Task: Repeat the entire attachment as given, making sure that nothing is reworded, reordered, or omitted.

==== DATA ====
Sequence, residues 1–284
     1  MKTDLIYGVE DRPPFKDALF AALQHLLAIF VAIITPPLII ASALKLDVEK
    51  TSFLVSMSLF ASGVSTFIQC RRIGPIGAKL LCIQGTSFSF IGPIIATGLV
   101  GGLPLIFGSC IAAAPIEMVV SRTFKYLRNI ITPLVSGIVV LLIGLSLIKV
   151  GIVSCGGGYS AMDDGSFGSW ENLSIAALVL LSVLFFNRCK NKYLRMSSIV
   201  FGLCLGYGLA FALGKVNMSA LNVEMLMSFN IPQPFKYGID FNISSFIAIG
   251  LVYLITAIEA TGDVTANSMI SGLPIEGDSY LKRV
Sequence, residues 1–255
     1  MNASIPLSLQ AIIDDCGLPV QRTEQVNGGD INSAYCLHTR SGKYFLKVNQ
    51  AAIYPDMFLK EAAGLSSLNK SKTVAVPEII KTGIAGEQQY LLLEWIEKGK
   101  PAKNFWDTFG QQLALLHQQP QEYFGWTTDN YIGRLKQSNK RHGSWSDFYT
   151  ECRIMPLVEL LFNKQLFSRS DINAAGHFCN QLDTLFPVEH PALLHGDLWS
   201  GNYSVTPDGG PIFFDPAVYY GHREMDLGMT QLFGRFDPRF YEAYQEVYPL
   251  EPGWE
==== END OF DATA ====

Sequence, residues 1–284
     1  MKTDLIYGVE DRPPFKDALF AALQHLLAIF VAIITPPLII ASALKLDVEK
    51  TSFLVSMSLF ASGVSTFIQC RRIGPIGAKL LCIQGTSFSF IGPIIATGLV
   101  GGLPLIFGSC IAAAPIEMVV SRTFKYLRNI ITPLVSGIVV LLIGLSLIKV
   151  GIVSCGGGYS AMDDGSFGSW ENLSIAALVL LSVLFFNRCK NKYLRMSSIV
   201  FGLCLGYGLA FALGKVNMSA LNVEMLMSFN IPQPFKYGID FNISSFIAIG
   251  LVYLITAIEA TGDVTANSMI SGLPIEGDSY LKRV
Sequence, residues 1–255
     1  MNASIPLSLQ AIIDDCGLPV QRTEQVNGGD INSAYCLHTR SGKYFLKVNQ
    51  AAIYPDMFLK EAAGLSSLNK SKTVAVPEII KTGIAGEQQY LLLEWIEKGK
   101  PAKNFWDTFG QQLALLHQQP QEYFGWTTDN YIGRLKQSNK RHGSWSDFYT
   151  ECRIMPLVEL LFNKQLFSRS DINAAGHFCN QLDTLFPVEH PALLHGDLWS
   201  GNYSVTPDGG PIFFDPAVYY GHREMDLGMT QLFGRFDPRF YEAYQEVYPL
   251  EPGWE